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Piracy Google The Courts Entertainment

Google Says Almost Every Recent 'Trusted' DMCA Notices Were Bogus (torrentfreak.com) 83

Reader AmiMoJo writes: In comments submitted to a U.S. Copyright Office consultation, Google has given the DMCA a vote of support, despite widespread abuse. Noting that the law allows for innovation and agreements with content creators, Google says that 99.95% of URLs it was asked to take down last month didn't even exist in its search indexes. "For example, in January 2017, the most prolific submitter submitted notices that Google honored for 16,457,433 URLs. But on further inspection, 16,450,129 (99.97%) of those URLs were not in our search index in the first place."
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Google Says Almost Every Recent 'Trusted' DMCA Notices Were Bogus

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  • by Opportunist ( 166417 ) on Thursday February 23, 2017 @02:44PM (#53919039)

    Why should I check my demands, just carpet bomb them with everything and whatever hits is fine by me.

    How about this: Whatever the punishment for not following through with a rightful demand should be meted out for every bogus one made in bad faith.

    • by Anonymous Coward

      Got hit with a bogus violation years ago.

      A law firm sent out official looking paperwork en masse, to podunk regional ISPs claiming zomg copyright infringement from various IPs.

      Turns out, the law firm was unaffiliated with the rights holder of the songs in question (from an artist I've literally never heard); indeed, the law firm was not even an actual law firm. They did have a nice seedy looking form where you could pay $100 to make your violation just magically go away, however.

      My ISP wasn't interested in

    • by sjames ( 1099 )

      Legally defined bad faith is hard to prove. We would need some metric, like number or proportion of bogus requests where bad faith is legally presumed. Of course, if a reasonable person hearing/viewing the target of the takedown knows it isn't the complainant's property, that too should be presumed to be bad faith..

      • When 99+ percent of your claims are bogus, it's pretty much a given that you're not acting on good faith.

        Just leave the bad faith out if it bothers you. You make a bogus claim, you pay.

        • by sjames ( 1099 )

          Sure, to you and me it's a given. But it needs to be written into law so we don't get bizarro decisions in court.

          • That's why our judges get some leeway when it comes to interpreting laws. Else you get people who search for loopholes and get away with it.

    • That's probably why Google is publicizing this. To point out that the DMCA badly needs a disincentive for filing false takedown claims. If only 0.05% of claims are even factually correct (not even considering if they're legally valid), that's a huge problem with the law.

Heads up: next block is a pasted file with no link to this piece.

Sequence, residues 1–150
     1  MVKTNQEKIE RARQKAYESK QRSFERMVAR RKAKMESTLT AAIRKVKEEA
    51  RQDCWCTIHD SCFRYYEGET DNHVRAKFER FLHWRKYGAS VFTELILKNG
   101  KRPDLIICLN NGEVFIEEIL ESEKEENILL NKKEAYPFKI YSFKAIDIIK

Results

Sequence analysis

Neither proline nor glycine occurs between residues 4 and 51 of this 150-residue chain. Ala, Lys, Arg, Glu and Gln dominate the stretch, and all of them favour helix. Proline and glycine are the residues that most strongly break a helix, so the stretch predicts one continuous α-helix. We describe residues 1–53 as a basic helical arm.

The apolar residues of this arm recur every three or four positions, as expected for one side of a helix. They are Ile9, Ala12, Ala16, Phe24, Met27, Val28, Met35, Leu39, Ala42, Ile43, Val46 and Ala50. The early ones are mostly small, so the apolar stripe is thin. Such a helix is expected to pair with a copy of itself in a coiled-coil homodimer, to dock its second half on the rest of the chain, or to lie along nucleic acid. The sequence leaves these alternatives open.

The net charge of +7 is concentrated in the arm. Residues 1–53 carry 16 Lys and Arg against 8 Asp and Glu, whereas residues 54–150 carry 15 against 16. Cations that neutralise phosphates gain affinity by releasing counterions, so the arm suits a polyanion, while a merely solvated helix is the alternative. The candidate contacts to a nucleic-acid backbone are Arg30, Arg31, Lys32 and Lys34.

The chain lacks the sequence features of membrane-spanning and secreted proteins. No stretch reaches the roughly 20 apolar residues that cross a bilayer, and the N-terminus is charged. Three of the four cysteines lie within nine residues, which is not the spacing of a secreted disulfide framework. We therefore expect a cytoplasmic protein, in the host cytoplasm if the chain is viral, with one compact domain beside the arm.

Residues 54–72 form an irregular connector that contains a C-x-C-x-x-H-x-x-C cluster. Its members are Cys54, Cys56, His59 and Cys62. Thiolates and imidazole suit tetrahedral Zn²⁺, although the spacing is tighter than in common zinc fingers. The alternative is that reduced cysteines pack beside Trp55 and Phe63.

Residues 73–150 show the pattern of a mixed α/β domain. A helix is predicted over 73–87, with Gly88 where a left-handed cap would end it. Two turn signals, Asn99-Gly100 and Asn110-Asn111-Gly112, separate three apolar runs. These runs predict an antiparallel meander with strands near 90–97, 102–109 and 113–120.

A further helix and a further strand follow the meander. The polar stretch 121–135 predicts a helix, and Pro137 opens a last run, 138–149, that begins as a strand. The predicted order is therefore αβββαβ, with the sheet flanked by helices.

• by presidenteloco ( 659168 ) on Thursday February 23, 2017 @02:46PM (#53919043)

    Google should tweak their algorithm to block takedown requesters who are spamming google with generic requests.

    • by Baron_Yam ( 643147 ) on Thursday February 23, 2017 @02:59PM (#53919143)

      IF Bogus_Takedown > 0
          SET Require_Review = True
          SET Charge_Fee = True

      When their DMCA takedown request processing rate drops from millions per month to a few per day and comes with a bill for the reviewer's time, maybe they'll smarten up.

      • by nobuddy ( 952985 )

        Even easier.
        Require studios to register for automated submission.
        Studio abuses system- kick them out and require manual submission via snail mail.

        Studio will either stop abusing, or be stoppped from abusing. Win-win

  • by Baron_Yam ( 643147 ) on Thursday February 23, 2017 @02:46PM (#53919045)

    DMCA takedown requests for non-existent URLs, especially at a 99.97% invalid rate, should be evidence that the requestor is not properly verifying their DMCA claims and should:

    A) Lose their right to continue to submit 'trusted' DMCA takedown requests

    B) Be charged under the DMCA for filing false claims.

    But we know that will never happen.

  • by barc0001 ( 173002 ) on Thursday February 23, 2017 @02:48PM (#53919067)

    If notices had to be signed as accurate by an officer of the company that sent them under threat of perjury, and if it was possible for someone who was affected by a bogus notice to then start the wheels on a process that would see said officer of the company end up doing a few days in jail for that perjury I would think we'd see bogus notices drop to near zero.